ICD-10 Diagnosis Code S66.899A

Inj musc/fasc/tend at wrist and hand level, unsp hand, init

Diagnosis Code S66.899A

ICD-10: S66.899A
Short Description: Inj musc/fasc/tend at wrist and hand level, unsp hand, init
Long Description: Other injury of other specified muscles, fascia and tendons at wrist and hand level, unspecified hand, initial encounter
This is the 2018 version of the ICD-10-CM diagnosis code S66.899A

Valid for Submission
The code S66.899A is valid for submission for HIPAA-covered transactions.

Code Classification
  • Injury, poisoning and certain other consequences of external causes (S00–T98)
    • Injuries to the wrist, hand and fingers (S60-S69)
      • Injury of muscle, fascia and tendon at wrist and hand level (S66)

Information for Medical Professionals

Diagnostic Related Groups
The diagnosis code S66.899A is grouped in the following Diagnostic Related Group(s) (MS-DRG V34.0)

  • 913 - TRAUMATIC INJURY WITH MCC
  • 914 - TRAUMATIC INJURY WITHOUT MCC

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The ICD-10 and ICD-9 GEMs are used to facilitate linking between the diagnosis codes in ICD-9-CM and the new ICD-10-CM code set. The GEMs are the raw material from which providers, health information vendors and payers can derive specific applied mappings to meet their needs.

Synonyms
  • Complete division extensor tendon hand
  • Complete division flexor tendon hand
  • Complete division of flexor tendon of wrist
  • Injury of flexor tendon of hand
  • Partial division extensor tendon wrist
  • Partial division flexor tendon hand
  • Partial division flexor tendon wrist
  • Traumatic division extensor tendon hand
  • Traumatic division flexor tendon hand
  • Traumatic division of extensor tendon of forearm, wrist or hand
  • Traumatic division of extensor tendon of forearm, wrist or hand

Information for Patients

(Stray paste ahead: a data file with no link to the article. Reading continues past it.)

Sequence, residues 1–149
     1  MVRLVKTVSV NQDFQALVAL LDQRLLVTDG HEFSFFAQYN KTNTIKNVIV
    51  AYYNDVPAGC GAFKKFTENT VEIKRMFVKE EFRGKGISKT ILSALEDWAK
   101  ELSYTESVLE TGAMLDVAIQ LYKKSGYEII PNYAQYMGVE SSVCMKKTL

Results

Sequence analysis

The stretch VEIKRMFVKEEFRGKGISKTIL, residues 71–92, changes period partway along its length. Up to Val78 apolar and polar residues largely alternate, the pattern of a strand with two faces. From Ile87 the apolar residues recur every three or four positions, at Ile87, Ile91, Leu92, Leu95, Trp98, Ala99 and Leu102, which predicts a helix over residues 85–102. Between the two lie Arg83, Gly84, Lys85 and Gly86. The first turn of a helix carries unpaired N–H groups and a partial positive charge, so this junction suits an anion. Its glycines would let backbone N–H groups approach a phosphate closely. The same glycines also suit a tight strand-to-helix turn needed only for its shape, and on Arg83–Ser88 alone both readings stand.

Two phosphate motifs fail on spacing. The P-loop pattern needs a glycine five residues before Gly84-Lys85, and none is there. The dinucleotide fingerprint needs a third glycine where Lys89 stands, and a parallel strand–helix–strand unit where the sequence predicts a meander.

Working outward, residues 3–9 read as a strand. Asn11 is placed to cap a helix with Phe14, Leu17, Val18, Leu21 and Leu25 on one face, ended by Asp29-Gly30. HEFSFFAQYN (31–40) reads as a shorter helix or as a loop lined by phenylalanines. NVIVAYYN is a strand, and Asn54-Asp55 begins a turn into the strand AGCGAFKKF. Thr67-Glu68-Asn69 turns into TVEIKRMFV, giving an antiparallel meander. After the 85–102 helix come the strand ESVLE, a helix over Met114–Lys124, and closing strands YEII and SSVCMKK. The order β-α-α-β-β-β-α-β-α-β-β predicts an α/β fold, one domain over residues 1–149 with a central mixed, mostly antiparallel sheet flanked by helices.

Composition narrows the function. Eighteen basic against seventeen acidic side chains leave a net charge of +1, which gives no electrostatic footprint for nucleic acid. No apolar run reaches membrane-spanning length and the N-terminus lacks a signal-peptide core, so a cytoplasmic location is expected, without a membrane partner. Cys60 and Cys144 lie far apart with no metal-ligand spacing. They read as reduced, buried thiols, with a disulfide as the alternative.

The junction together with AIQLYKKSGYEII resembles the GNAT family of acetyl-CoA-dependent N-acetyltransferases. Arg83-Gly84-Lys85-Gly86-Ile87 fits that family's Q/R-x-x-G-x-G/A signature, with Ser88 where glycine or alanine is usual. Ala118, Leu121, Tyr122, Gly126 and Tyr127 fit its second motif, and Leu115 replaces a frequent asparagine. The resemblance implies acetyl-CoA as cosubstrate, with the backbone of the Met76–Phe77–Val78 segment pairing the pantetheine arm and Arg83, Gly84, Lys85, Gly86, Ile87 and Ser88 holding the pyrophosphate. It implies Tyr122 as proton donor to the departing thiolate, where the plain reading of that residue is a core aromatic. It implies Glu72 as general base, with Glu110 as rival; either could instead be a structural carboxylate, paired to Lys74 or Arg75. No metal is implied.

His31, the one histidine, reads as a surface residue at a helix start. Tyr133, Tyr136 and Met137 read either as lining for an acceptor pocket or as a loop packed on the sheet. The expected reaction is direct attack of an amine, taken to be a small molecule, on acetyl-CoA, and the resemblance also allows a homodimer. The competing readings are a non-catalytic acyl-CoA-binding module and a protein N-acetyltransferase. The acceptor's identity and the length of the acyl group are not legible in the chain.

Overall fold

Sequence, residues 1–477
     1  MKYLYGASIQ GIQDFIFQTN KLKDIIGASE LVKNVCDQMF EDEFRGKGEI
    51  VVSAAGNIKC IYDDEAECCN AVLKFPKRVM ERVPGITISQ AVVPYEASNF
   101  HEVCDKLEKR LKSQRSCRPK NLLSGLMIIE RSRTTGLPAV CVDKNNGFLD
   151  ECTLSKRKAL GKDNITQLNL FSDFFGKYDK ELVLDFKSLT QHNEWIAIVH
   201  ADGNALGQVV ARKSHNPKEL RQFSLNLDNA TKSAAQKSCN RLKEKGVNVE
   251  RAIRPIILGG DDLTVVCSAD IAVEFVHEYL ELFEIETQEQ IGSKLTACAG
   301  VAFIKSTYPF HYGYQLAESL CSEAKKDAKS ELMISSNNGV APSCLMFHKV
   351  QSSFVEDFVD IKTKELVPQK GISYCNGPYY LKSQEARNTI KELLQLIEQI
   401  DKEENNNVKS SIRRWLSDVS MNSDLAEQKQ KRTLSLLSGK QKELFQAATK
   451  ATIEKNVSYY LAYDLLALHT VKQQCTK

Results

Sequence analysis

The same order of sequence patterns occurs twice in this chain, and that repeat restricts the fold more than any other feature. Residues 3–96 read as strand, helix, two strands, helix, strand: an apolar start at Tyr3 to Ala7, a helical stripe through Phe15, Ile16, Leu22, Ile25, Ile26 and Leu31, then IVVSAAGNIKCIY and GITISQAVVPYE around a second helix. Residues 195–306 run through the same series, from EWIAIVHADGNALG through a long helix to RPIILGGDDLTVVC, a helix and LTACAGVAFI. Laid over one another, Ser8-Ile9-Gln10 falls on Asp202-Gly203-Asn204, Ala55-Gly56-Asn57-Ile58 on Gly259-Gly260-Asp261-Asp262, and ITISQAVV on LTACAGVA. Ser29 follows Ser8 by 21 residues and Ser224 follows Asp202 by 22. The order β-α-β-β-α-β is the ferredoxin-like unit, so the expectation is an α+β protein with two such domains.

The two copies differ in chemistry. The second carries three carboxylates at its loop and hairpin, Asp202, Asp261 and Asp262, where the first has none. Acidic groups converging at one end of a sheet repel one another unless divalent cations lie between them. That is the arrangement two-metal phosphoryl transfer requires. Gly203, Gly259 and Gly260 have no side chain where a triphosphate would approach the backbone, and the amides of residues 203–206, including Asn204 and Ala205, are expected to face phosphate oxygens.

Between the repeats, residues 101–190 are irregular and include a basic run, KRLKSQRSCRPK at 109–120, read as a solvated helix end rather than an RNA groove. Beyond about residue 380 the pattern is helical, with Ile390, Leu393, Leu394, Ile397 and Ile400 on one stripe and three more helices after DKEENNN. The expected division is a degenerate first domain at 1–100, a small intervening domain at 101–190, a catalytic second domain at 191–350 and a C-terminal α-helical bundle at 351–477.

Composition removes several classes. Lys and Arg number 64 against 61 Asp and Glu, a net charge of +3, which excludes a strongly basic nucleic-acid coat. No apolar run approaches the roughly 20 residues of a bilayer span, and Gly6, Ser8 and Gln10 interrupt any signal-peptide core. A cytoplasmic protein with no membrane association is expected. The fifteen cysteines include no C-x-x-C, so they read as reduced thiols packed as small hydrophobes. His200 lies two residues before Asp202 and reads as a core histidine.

Hand Injuries and Disorders

No matter how old you are or what you do for a living, you are always using your hands. When there is something wrong with them, you may not be able to do your regular activities.

Hand problems include

  • Carpal tunnel syndrome - compression of a nerve as it goes through the wrist, often making your fingers feel numb
  • Injuries that result in fractures, ruptured ligaments and dislocations
  • Osteoarthritis - wear-and-tear arthritis, which can also cause deformity
  • Tendinitis - irritation of the tendons
  • Disorders and injuries of your fingers and thumb

  • Brachial plexopathy (Medical Encyclopedia)
  • Claw hand (Medical Encyclopedia)
  • Dupuytrens contracture (Medical Encyclopedia)
  • Hand fracture - aftercare (Medical Encyclopedia)
  • Hand or foot spasms (Medical Encyclopedia)
  • Hand x-ray (Medical Encyclopedia)
  • Radial nerve dysfunction (Medical Encyclopedia)
  • Ulnar nerve dysfunction (Medical Encyclopedia)


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Muscle Disorders

Also called: Myopathy

Your muscles help you move and help your body work. Different types of muscles have different jobs. There are many problems that can affect muscles. Muscle disorders can cause weakness, pain or even paralysis.

Causes of muscle disorders include

  • Injury or overuse, such as sprains or strains, cramps or tendinitis
  • A genetic disorder, such as muscular dystrophy
  • Some cancers
  • Inflammation, such as myositis
  • Diseases of nerves that affect muscles
  • Infections
  • Certain medicines

Sometimes the cause is not known.

  • Caring for muscle spasticity or spasms (Medical Encyclopedia)
  • Compartment syndrome (Medical Encyclopedia)
  • Contracture deformity (Medical Encyclopedia)
  • Creatine phosphokinase test (Medical Encyclopedia)
  • Electromyography (Medical Encyclopedia)
  • Eyelid twitch (Medical Encyclopedia)
  • Hypotonia (Medical Encyclopedia)
  • Muscle aches (Medical Encyclopedia)
  • Muscle atrophy (Medical Encyclopedia)
  • Muscle function loss (Medical Encyclopedia)
  • Muscle twitching (Medical Encyclopedia)
  • Rhabdomyolysis (Medical Encyclopedia)
  • Weakness (Medical Encyclopedia)


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Wrist Injuries and Disorders

Your wrist is made up of eight small bones known as carpals. They support a tube that runs through your wrist. That tube, called the carpal tunnel, has tendons and a nerve inside. It is covered by a ligament, which holds it in place.

Wrist pain is common. Repetitive motion can damage your wrist. Everyday activities like typing, racquet sports or sewing can cause pain, or even carpal tunnel syndrome. Wrist pain with bruising and swelling can be a sign of injury. The signs of a possible fracture include misshapen joints and inability to move your wrist. Some wrist fractures are a result of osteoporosis.

Other common causes of pain are

  • Sprains and strains
  • Tendinitis
  • Arthritis
  • Gout and pseudogout

  • Colles wrist fracture - aftercare (Medical Encyclopedia)
  • De Quervain tendinitis (Medical Encyclopedia)
  • Wrist arthroscopy (Medical Encyclopedia)
  • Wrist pain (Medical Encyclopedia)
  • Wrist sprain - aftercare (Medical Encyclopedia)


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